AUSTIN, Texas, Oct. 18, 2007 -- American Electric Power (NYSE: AEP) said today the Public Utility Commission of Texas (PUCT) has approved an increase in the rates AEP Texas Central Company (TCC) charges Retail Electric Providers (REPs) for the delivery of electricity over its transmission and distribution system.
Based on an initial analysis from TCC, the decision will result in a base rate increase for TCC of approximately $40.8 million, including the expiration of merger credits. The PUCT also approved a $3.5 million increase in service fees. TCC had requested an approximately $70 million base rate increase.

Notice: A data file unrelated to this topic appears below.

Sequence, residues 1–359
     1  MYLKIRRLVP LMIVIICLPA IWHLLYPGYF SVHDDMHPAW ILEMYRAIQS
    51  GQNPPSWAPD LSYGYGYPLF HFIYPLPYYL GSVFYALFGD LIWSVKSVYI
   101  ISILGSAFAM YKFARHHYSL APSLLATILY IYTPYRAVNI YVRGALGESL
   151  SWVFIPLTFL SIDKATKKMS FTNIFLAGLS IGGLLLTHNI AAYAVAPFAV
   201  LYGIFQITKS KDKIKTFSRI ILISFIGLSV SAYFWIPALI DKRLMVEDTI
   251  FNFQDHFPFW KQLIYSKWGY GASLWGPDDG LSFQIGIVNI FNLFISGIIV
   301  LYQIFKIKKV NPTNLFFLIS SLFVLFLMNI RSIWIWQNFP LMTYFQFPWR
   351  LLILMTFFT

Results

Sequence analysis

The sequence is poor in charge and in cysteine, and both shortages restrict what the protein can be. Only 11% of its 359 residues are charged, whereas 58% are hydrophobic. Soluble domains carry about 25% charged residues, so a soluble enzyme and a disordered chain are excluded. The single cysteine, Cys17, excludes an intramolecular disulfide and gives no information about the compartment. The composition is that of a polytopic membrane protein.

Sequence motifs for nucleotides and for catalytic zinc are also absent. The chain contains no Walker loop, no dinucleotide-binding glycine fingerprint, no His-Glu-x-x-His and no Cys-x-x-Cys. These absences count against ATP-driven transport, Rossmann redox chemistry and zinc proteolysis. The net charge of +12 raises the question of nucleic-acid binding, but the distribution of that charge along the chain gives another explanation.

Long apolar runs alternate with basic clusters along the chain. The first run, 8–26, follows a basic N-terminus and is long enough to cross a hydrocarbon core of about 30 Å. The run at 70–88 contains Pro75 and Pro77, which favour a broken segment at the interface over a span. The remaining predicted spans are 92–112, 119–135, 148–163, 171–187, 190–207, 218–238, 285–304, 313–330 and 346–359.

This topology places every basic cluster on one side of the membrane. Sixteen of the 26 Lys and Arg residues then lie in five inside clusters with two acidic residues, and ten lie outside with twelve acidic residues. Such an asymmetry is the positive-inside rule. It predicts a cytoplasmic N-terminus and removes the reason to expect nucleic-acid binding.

“Although we are disappointed that the commission’s decision did not result in an increase closer to our $70 million request, the increase certainly will help address our financial condition,” said Charles Patton, AEP Texas president and chief operating officer. “Even with this increase, the charges associated with energy delivery in the TCC service territory are only 20 percent of a typical residential customer’s total bill. Given the state’s need for additional electric infrastructure going forward, it will be important for Texas legislators and regulators to re-evaluate how transmission and distribution companies such as TCC receive timely rate relief in order to ensure a safe and secure electric infrastructure.”